The standings insist that the South Carolina-Tennessee game on Saturday in Knoxville is critical to the postseason hopes of both squads. Actually, it’s a bowl game itself.
The sponsorship deal likely will be announced shortly.
The Advil SEC Still Owes Us An Apology Bowl.
Because whatever that drivel was coming out of the SEC office Wednesday in response to bad calls during last week’s Florida-South Carolina and Alabama-Tennessee games was less acceptable than instant grits.
SEC Commissioner Greg Sankey in a 753-word statement didn’t apologize.
But he mentioned accountability.
“We view perfection as our desired goal while also understanding it will always be an elusive standard in a game that is filled with surprises,” Sankey said. “And we are disappointed when we don’t get it right. Because our goal is to get it right, every time.”
Sankey didn’t admit that either officiating crew made mistakes, though the implication is clear.
“SEC officials are held accountable for the overall body of their work and the work of their officiating crew,” Sankey said, “which is reviewed on a weekly basis throughout the season and on an annual basis.”
A non-apology, explanation as wishy-washy as the Williams-Brice Stadium field was on Saturday is not good enough for the most-watched, most-scrutinized football league this side of the NFL.
Sure. It’s more probable than not that Florida would have found a way to beat South Carolina even without blown calls that went the Gators’ way on a pair of touchdowns. Maybe in double-overtime instead of 38-27.
Yes, Alabama was the better team at Tennessee, though several odd calls sure benefited Nick Saban, Inc., in a 35-13 victory (go ahead and wonder if the SEC would have apologized more directly if Alabama had been on the other side of the bad calls).
But try separating yourself from bias for a crazy minute and look at big-time college football purely as an entertainment product in a competitive world full of multi-platform options.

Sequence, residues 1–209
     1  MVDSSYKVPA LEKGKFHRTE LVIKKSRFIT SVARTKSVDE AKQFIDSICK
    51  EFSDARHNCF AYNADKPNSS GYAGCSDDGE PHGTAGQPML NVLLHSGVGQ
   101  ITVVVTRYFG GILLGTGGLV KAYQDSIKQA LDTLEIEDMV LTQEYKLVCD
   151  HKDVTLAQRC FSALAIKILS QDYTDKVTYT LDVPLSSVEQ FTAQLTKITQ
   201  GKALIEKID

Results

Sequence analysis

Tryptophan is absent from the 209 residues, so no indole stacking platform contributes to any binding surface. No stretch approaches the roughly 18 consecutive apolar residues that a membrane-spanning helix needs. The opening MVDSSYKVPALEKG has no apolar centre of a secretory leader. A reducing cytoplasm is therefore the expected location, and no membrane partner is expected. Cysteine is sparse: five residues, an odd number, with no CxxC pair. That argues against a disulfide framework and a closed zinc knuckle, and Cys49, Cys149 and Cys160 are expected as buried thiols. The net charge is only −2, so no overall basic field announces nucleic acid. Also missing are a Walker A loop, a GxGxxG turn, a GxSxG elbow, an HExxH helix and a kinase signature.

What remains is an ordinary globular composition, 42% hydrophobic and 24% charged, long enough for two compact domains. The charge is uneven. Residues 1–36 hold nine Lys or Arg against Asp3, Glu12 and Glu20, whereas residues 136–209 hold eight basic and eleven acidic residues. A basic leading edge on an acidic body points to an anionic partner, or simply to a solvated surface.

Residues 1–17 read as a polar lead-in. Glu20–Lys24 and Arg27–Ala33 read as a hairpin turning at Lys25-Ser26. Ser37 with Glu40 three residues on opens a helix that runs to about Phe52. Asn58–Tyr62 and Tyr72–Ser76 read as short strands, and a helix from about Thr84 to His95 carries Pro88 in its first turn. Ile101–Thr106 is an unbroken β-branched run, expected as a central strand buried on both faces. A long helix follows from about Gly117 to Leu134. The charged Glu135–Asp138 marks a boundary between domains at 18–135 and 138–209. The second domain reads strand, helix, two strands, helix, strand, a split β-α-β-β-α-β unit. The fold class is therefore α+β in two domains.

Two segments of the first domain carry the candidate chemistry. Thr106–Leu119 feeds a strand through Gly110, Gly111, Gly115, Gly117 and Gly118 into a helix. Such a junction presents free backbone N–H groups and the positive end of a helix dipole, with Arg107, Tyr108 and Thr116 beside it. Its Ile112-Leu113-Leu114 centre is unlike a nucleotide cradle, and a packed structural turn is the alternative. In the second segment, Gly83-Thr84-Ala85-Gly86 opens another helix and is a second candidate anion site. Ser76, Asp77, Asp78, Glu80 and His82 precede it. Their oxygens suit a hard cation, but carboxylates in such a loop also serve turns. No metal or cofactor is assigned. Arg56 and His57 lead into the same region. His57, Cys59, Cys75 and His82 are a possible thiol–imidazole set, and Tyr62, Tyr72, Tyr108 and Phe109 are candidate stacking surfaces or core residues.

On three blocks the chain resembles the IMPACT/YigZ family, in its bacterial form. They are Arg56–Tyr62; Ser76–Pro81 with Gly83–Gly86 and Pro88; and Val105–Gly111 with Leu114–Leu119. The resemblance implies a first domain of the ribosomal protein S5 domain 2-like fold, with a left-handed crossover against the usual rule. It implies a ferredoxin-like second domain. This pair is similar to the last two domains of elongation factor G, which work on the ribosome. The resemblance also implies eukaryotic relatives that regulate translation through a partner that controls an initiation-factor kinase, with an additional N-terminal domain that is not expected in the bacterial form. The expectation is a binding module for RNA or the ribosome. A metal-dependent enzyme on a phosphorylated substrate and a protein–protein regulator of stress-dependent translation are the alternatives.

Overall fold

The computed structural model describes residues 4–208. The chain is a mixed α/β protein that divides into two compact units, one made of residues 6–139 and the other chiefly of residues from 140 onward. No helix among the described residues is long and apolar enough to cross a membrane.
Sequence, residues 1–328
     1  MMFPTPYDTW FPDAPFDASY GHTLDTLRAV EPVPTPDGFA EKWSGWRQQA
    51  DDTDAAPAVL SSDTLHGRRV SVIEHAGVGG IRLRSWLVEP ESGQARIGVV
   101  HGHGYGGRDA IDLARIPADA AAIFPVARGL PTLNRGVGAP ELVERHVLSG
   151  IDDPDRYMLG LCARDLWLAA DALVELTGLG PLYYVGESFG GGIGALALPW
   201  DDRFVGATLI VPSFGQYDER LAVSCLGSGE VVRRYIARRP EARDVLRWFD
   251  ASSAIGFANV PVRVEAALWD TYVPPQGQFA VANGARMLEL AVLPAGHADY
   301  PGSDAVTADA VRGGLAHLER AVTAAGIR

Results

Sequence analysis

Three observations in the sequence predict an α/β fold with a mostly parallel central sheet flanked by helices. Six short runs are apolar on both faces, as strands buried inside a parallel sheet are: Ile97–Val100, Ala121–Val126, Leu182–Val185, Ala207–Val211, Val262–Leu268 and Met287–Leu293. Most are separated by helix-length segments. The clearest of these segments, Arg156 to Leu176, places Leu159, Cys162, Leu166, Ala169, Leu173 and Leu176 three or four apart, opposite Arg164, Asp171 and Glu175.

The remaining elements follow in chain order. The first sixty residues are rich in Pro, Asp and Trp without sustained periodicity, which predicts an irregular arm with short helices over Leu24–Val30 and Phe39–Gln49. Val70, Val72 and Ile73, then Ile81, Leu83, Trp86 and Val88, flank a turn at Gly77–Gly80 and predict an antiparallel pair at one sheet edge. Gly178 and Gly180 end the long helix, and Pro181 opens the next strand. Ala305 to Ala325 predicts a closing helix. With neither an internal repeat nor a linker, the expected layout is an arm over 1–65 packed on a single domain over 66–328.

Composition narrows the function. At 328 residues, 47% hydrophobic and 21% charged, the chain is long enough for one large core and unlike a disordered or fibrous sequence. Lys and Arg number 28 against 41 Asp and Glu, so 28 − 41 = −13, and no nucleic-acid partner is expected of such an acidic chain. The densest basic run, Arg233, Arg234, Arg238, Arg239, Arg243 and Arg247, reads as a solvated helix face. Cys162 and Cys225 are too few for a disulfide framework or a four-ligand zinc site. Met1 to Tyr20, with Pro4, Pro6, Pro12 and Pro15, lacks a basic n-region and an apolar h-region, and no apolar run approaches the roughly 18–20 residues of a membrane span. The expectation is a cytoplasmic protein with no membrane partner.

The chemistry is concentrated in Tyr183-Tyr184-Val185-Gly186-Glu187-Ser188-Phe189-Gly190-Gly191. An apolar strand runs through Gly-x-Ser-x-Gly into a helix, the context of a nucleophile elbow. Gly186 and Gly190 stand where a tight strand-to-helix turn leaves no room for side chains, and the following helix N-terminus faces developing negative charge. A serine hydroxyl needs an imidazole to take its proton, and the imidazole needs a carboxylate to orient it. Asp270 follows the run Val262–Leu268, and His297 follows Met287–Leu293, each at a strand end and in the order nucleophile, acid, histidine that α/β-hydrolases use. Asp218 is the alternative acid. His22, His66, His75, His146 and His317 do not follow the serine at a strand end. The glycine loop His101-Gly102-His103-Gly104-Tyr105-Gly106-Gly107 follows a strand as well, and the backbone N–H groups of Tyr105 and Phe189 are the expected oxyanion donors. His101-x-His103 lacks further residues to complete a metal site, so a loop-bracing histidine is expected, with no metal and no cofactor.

When the presentation is flawed – at a movie, a play, a concert, online – some people get mad enough that they don’t return.
Name the sky judge contest
The NFL has had its problems with officials this season, too. The league is still feeling fallout from a blown non-call in the Rams-Saints NFC Championship Game last season that brought a fan lawsuit and changed the pass interference challenge rule.
I asked South Carolina head coach Will Muschamp on Saturday what he thought of the concept of a “sky judge” – or another title for a studio-bound person given authority to overrule calls or non-calls clearly wrong to anyone watching on a TV, phone, tablet or stadium video board.
Muschamp’s two-word response?
Muschamp had a one-word analysis of an unsportsmanlike conduct penalty he received from an official he said was 40 yards away.
A Sky Judge.
Or an Oversight Czar, a Bad Call Cop.
Better yet, a Name The Job Title contest complete with prizes.
Such a person definitely would have weighed in on this stuff:
- An apparent false start by Florida before Gamecocks cornerback Israel Mukuamu got held downfield on the same 75-yard touchdown run
- A too-obvious pick play on a Florida touchdown pass
- An unnecessary roughness call on Tennessee’s Darrell Taylor just as the Volunteers made a third-down stop while behind by only eight points in the second half.
“The call on Darrell Taylor was absolutely not a penalty; it’s not a penalty,” Tennessee head coach Jeremy Pruitt said. “Would it have changed the game? I don’t know. I know they would have punted instead of going down and scoring on that possession.”
The technology is available
Sankey in his SEC response on technology: “While officials have always faced scrutiny, the effect has been intensified in recent years with the evolution of high-definition televisions and the ability to view super slow-motion replays from multiple angles on screens of all sizes and via replays shown on monster, crystal clear in-stadium video boards.”
But all those things have been around a while.
Which means football is behind the high-tech curve.
Change a few rules so that an overtly awful call can get instantly altered by some guy in a studio bunker that isn’t too close to a sports bar.
Surely, this can be done without worrying about the “there’s holding on every play” argument.
Sankey on discipline for officials: “… during the season, officials' assignments may be altered based on in-season performance. By protocol, the SEC does not publicly announce these assignment changes.”
Sure sounds like a crew or two might be altered this week, which is the best thing Sankey said Wednesday.
Fans don’t need names on a platter. Publicly shaming individual officials is not cool; those are hard-working folks with families.
But fans do deserve a couple words missing from the long-winded, very veiled, read-between-the-lines SEC response:
Add that to the statement and it just means more.
Follow Gene Sapakoff on Twitter @sapakoff